Whole-program Analysis via Link-Time Optimization (LTO)
You can enable GCC’s “link time optimization” feature by passing -flto.
When this is enabled, gcc adds extra sections to the compiled .o file
containing the SSA-Gimple internal representation of every function, so that
this SSA representation is available at link-time. This allows gcc to inline
functions defined in one source file into functions defined in another
source file at link time.
Although the feature is intended for optimization, we can also use it for
code analysis, and it’s possible to run the Python plugin at link time.
This means we can do interprocedural analysis across multiple source files.
An invocation might look like this:
Looking at the above options in turn:
- -flto enables link-time optimization
- -flto-partition=none : by default, gcc with LTO partitions the code
and generates summary information for each partition, then combines the
results of the summaries (known as “WPA” and “LTRANS” respectively).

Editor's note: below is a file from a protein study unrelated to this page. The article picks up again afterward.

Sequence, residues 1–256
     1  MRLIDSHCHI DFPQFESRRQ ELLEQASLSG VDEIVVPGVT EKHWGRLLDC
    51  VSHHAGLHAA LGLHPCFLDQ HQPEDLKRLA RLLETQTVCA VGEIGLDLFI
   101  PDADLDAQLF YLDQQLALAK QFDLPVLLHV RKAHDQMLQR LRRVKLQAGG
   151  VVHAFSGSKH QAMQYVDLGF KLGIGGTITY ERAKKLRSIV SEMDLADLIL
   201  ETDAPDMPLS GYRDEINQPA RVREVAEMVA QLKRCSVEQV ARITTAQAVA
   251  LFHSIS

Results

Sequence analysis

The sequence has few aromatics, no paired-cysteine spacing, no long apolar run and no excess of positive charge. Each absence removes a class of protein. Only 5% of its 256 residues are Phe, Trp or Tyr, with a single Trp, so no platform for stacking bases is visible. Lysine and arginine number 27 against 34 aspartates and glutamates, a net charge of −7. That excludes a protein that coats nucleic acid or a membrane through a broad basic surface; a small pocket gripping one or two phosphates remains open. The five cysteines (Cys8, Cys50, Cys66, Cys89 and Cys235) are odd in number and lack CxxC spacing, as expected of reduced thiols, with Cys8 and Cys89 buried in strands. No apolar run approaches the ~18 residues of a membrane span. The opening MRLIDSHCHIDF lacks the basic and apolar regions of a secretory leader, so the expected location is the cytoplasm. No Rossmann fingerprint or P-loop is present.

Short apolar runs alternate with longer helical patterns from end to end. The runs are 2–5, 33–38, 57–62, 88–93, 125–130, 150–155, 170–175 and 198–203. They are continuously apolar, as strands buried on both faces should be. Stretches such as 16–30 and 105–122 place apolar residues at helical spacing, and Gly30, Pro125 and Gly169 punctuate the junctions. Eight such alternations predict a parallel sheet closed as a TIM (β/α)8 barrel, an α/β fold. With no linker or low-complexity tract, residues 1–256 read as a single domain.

This appears to be of use for optimization, but to get at the function
bodies, for static analysis, you should pass this option, which instead
gathers all the code into one process.
- -v means “verbose” and is useful for seeing all of the subprograms
that gcc invokes, along with their command line options. Given the
above options, you should see invocations of cc1 (the C compiler),
collect2 (the linker) and lto1 (the link-time optimizer).
$ ./gcc-with-python \
will render a bitmap of the supergraph like this:
Determine whether or not we’re being invoked during link-time
optimization (i.e. from within the lto1 program)
The underlying boolean is not set up until passes are being
invoked: it is always False during the initial invocation of the